What is the Curb Weight of the F-150?
An empty F-150 is measured by the manufacturer as the curb weight.
The US EPA defines the curb weight as the weight of the vehicle with standard equipment and fluids, but not including options, driver, passengers or cargo. Your vehicle will have different options and will have a driver, passengers and cargo. So what do you do?
The curb weight of an F-150 depends on the engine, the cab size and whether it is 4×2 or 4×4. The best place to find the weight of your vehicle is to look on the sticker on the driver’s door jamb.
You can then use our calculator with the curb weight and add the weight of passengers and cargo plus the weight of your trailer to ensure it is within the GVWR shown above.
Are we done?
Not quite! We now need to check the combined weight of the truck and the trailer.
Gross Combined Weight Rating of the 2023 Ford F-150 5.0L V8 Supercab 4×4
There are a few constraints to consider when towing a trailer. First you need to establish whether your trailer and its contents are within limits.
The GCWR is the total allowable weight of the empty F-150, its cargo and the weight of the trailer. It’s the weight of the whole kit and caboodle.
For the 7 models we highlight above, their GCWR values are;
- 3.31 axle, 145.4 wheelbase GCWR is 14900 lbs
- 3.31 axle, 164.1 wheelbase GCWR is 14900 lbs
- 3.73 axle, 145.4 wheelbase GCWR is 15900 lbs
- 3.73 axle, 164.1 wheelbase GCWR is 15900 lbs
- 3.73 axle, 145.4 wheelbase, Max Trailer Tow Package GCWR is 17700 lbs
- 3.73 axle, 164.1 wheelbase, Max Trailer Tow Package GCWR is 18500 lbs
- 3.73 axle, 164.1 wheelbase, Max Trailer Tow Package, Heavy Duty Payload Package GCWR is 18600 lbs
What is the maximum tongue weight of a F-150 Ecoboost?
When you are towing a trailer the weight of that trailer gets transmitted down through two places – the axle and wheels of the trailer and the hitch between the trailer and your F-150 Ecoboost.
You need to ensure that there is not too much weight being transmitted through the hitch. Ford recommends a maximum tongue weight of 500lbs with a straight hitch receiver, however if you are using a weight distributing hitch they recommend upto 1,400lbs for tongue load.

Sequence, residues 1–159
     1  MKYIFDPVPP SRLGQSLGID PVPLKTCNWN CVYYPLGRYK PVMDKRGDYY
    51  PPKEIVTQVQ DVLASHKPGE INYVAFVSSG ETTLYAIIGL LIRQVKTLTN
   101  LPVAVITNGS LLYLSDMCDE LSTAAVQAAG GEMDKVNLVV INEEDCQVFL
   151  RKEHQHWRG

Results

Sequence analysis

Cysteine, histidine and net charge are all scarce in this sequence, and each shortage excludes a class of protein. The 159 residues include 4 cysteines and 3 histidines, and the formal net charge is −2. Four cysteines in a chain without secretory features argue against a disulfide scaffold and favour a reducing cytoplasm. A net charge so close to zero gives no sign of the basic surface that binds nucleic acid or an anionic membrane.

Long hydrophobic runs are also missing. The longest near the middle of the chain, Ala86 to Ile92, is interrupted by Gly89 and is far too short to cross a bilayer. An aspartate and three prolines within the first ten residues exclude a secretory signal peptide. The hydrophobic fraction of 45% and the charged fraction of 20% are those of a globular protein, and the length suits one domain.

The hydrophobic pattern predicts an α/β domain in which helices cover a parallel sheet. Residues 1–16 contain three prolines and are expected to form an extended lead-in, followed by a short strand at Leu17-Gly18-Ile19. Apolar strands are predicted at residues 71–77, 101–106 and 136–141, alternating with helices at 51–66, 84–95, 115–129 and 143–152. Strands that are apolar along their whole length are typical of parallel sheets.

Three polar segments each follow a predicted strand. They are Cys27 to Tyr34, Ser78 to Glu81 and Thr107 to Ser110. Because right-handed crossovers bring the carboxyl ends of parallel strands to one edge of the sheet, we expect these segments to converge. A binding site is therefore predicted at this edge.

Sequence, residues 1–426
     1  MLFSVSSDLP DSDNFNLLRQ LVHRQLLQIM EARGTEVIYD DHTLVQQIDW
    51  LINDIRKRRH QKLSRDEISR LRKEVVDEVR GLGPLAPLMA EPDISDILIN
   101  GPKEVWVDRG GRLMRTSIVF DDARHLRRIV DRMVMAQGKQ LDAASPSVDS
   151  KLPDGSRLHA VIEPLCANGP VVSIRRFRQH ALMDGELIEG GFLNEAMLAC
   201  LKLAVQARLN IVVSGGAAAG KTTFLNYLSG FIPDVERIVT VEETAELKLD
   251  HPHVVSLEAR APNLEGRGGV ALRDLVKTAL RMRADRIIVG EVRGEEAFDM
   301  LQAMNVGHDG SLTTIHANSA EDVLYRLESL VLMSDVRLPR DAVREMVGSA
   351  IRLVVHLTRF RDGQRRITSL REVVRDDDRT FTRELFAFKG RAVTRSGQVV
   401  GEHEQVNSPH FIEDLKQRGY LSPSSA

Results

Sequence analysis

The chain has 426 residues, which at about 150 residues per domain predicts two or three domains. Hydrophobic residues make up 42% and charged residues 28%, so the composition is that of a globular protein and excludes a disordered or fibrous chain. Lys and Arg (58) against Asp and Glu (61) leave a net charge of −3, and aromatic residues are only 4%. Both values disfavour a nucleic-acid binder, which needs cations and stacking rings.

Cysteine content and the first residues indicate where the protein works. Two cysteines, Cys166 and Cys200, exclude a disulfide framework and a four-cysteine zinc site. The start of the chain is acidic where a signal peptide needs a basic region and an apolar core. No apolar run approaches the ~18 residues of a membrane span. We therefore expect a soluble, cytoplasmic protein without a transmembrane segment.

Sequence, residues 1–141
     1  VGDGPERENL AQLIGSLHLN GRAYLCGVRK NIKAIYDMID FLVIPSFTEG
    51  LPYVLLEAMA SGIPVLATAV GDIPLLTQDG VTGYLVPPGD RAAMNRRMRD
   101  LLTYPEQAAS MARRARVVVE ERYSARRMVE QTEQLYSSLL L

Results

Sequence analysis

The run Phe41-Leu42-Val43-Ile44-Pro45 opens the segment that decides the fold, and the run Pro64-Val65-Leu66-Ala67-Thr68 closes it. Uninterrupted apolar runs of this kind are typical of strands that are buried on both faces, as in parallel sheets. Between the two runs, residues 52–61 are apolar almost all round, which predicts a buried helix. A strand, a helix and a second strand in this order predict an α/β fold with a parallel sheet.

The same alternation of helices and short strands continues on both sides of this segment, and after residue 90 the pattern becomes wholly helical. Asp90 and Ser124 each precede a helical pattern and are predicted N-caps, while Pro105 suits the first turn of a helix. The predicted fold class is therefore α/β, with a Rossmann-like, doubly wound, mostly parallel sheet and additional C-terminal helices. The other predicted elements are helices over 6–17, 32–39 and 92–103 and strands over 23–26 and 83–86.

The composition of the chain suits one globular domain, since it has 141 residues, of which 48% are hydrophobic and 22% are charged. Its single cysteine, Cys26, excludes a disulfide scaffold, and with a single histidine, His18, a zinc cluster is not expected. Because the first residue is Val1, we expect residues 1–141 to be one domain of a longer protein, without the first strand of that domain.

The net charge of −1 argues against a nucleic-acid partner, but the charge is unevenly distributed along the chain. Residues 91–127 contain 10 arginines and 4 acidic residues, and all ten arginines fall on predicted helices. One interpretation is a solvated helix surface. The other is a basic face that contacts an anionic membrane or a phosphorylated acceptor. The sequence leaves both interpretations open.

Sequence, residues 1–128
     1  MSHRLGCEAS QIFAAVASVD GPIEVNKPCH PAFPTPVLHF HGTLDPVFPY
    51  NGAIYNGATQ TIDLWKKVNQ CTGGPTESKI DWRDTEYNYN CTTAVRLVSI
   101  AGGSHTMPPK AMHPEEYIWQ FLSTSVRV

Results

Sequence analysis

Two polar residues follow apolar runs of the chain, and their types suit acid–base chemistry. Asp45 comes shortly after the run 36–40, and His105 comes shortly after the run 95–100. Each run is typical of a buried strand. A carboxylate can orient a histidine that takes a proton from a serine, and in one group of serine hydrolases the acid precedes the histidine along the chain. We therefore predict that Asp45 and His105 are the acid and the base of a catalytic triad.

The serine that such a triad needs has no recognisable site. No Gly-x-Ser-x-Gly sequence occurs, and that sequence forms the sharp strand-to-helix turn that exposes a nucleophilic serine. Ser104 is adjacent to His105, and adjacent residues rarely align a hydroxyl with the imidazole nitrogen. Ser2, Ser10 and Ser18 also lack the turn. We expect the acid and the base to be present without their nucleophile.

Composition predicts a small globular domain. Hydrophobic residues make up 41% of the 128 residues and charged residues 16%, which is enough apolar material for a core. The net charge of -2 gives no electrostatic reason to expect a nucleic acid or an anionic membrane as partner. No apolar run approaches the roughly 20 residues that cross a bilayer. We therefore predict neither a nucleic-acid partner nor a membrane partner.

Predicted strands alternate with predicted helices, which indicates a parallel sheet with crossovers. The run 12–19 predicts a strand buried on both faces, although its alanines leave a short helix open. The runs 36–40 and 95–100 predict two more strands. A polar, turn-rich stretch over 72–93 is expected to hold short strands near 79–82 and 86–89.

How should I measure trailer tongue weight?
You have three options to measure the tongue weight from your trailer.
- Use a specialized tongue weight scale such as a Sherline Trailer Tongue Weight Scale
- Weigh your vehicle and trailer on a CAT scale
- Estimate the tongue weight
Option 1 is best, followed by 2. However let’s look at option 3.
Your trailer’s manufacturer will usually provide an indication of the tongue weight. For a travel trailer with batteries and propane you may need to add that weight if the manufacturer has not included it. In addition you need to add the weight of the hitch. Note that this is an estimate since not all the weight of these objects will be transmitted through the hitch, so adding 100% of the weight to your tongue weight will over-estimate it. Also some of the weight of the trailer cargo will get transmitted through the hitch.
Tongue weight rule of thumb
It’s recommended that the tongue weight is between 10%-15% of the gross trailer weight (dry weight plus the weight of the cargo). If the tongue weight is below 10% then that will cause towing instability and the trailer may porpoise, and if the tongue weight is too high then the trailer will be pitched forward and put too much load on the hitch. You want a level trailer and ideally the tongue load will be 12% of the gross trailer weight.
So one check you need to do is to take the gross trailer weight you calculated above and check that 10%-15% is within the maximum tongue weight given in the table above.